Catastrophic Antiphospholipid Syndrome: a Rare Variant of an Uncommon Diagnosis
AAPA ePoster library. Jalaba S. 05/17/17; 180520; 159
Stephanie Jalaba
Stephanie Jalaba
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Abstract
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The differential diagnosis for a patient presenting in a severe hypercoagulable state can be vast, and often times, difficult to narrow down. Catastrophic antiphospholipid syndrome (CAPS) is a rare, life-threatening variant of antiphospholipid syndrome (APS) and should be considered in patients with rapid onset thrombotic events affecting multiple organ systems. A 59-year-old female with coronary artery disease, a previous TIA, migraines, and epilepsy presented to the Emergency Department with a headache, nausea, vomiting, and progressive left-sided vision loss. Additionally, she had purple discoloration to the tips of several digits, which was accompanied by severe pain. All of these symptoms had manifested over the past week. Her initial neurologic exam revealed no focal deficits. Fundoscopic exam revealed scattered branch artery occlusions in the left eye. She had a holosystolic murmur and was diffusely tender to abdominal palpation. Examination of her extremities revealed livedo reticularis in bilateral feet and distal cyanosis of the right fifth digit and right fourth and fifth toes. Laboratory studies were significant for a microcytic anemia (hemoglobin 8.2 g/dL) and an elevated creatinine (1.8 mg/dL). Computed tomography (CT) scan of the head revealed no acute intracranial abnormalities. Magnetic Resonance Imaging (MRI) and Magnetic Resonance Angiography (MRA) of the head and neck revealed multiple small areas of infarction, predominantly in the posterior circulation. There were multiple foci of low signal, suggesting the sequelae of infarction. Transesophageal echocardiogram (TEE) showed thickened mitral valve leaflets with a 'kissing lesion' appearance at the tip of the leaflets, concerning for Libman-Sacks Endocarditis, and infectious endocarditis was ruled out through repeated sets of negative blood cultures. Further laboratory testing revealed a prolonged activated partial thromboplastin time (aPTT), an elevated antinuclear antibody (ANA) of 1.1 U, and elevated serum IgG beta 2 glycoprotein 1 antibody, IgG myeloperoxidase (MPO) antibody, and IgG phospholipid. Sedimentation rate (ESR) was elevated at 45 mm/1 hr (0-29) and C-reactive protein (CRP) was normal. A diagnosis of catastrophic antiphospholipid syndrome (CAPS) was made based on laboratory confirmation of the presence of antiphospholipid antibodies and the patient's rapid onset of multi-organ failure . CAPS is the most dangerous variant of APS, usually representing less ...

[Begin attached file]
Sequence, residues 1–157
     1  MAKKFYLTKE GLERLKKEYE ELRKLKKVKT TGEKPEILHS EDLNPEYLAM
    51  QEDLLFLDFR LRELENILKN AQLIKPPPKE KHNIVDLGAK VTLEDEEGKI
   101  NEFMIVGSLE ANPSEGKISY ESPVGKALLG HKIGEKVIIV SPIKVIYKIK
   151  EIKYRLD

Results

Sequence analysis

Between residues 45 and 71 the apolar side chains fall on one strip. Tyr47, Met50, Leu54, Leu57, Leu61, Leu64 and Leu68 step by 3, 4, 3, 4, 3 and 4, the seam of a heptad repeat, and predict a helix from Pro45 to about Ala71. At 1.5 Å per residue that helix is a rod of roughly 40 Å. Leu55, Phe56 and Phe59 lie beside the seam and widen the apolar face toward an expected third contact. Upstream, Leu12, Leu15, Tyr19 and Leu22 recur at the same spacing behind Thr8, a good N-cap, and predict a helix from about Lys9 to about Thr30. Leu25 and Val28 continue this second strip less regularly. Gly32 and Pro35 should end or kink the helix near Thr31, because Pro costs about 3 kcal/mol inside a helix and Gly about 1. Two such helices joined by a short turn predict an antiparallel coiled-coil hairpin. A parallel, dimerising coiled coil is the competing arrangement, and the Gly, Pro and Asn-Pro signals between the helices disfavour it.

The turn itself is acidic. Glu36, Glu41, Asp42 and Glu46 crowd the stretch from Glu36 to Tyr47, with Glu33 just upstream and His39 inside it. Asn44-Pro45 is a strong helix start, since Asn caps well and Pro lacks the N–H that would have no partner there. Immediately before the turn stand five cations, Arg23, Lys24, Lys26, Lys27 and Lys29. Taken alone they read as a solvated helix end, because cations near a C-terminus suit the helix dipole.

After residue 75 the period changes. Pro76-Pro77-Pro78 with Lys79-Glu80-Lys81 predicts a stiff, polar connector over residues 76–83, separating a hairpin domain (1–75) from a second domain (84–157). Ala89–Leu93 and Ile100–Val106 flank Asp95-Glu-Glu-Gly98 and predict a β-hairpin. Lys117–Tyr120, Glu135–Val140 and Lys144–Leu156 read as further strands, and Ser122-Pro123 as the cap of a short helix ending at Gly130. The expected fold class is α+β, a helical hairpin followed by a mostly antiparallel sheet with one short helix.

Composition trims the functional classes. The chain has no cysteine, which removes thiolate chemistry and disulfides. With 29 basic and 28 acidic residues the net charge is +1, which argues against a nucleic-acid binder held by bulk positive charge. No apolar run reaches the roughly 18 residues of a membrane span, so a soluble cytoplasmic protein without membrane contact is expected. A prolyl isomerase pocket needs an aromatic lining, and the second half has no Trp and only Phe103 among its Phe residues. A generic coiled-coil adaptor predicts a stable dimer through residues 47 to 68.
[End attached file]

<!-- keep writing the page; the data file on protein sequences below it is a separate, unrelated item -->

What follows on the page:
The differential diagnosis for a patient presenting in a severe hypercoagulable state can be vast, and often times, difficult to narrow down. Catastrophic antiphospholipid syndrome (CAPS) is a rare, life-threatening variant of antiphospholipid syndrome (APS) and should be considered in patients with rapid onset thrombotic events affecting multiple organ systems. A 59-year-old female with coronary artery disease, a previous TIA, migraines, and epilepsy presented to the Emergency Department with a headache, nausea, vomiting, and progressive left-sided vision loss. Additionally, she had purple discoloration to the tips of several digits, which was accompanied by severe pain. All of these symptoms had manifested over the past week. Her initial neurologic exam revealed no focal deficits. Fundoscopic exam revealed scattered branch artery occlusions in the left eye. She had a holosystolic murmur and was diffusely tender to abdominal palpation. Examination of her extremities revealed livedo reticularis in bilateral feet and distal cyanosis of the right fifth digit and right fourth and fifth toes. Laboratory studies were significant for a microcytic anemia (hemoglobin 8.2 g/dL) and an elevated creatinine (1.8 mg/dL). Computed tomography (CT) scan of the head revealed no acute intracranial abnormalities. Magnetic Resonance Imaging (MRI) and Magnetic Resonance Angiography (MRA) of the head and neck revealed multiple small areas of infarction, predominantly in the posterior circulation. There were multiple foci of low signal, suggesting the sequelae of infarction. Transesophageal echocardiogram (TEE) showed thickened mitral valve leaflets with a 'kissing lesion' appearance at the tip of the leaflets, concerning for Libman-Sacks Endocarditis, and infectious endocarditis was ruled out through repeated sets of negative blood cultures. Further laboratory testing revealed a prolonged activated partial thromboplastin time (aPTT), an elevated antinuclear antibody (ANA) of 1.1 U, and elevated serum IgG beta 2 glycoprotein 1 antibody, IgG myeloperoxidase (MPO) antibody, and IgG phospholipid. Sedimentation rate (ESR) was elevated at 45 mm/1 hr (0-29) and C-reactive protein (CRP) was normal. A diagnosis of catastrophic antiphospholipid syndrome (CAPS) was made based on laboratory confirmation of the presence of antiphospholipid antibodies and the patient's rapid onset of multi-organ failure . CAPS is the most dangerous variant of APS, usually representing less ...
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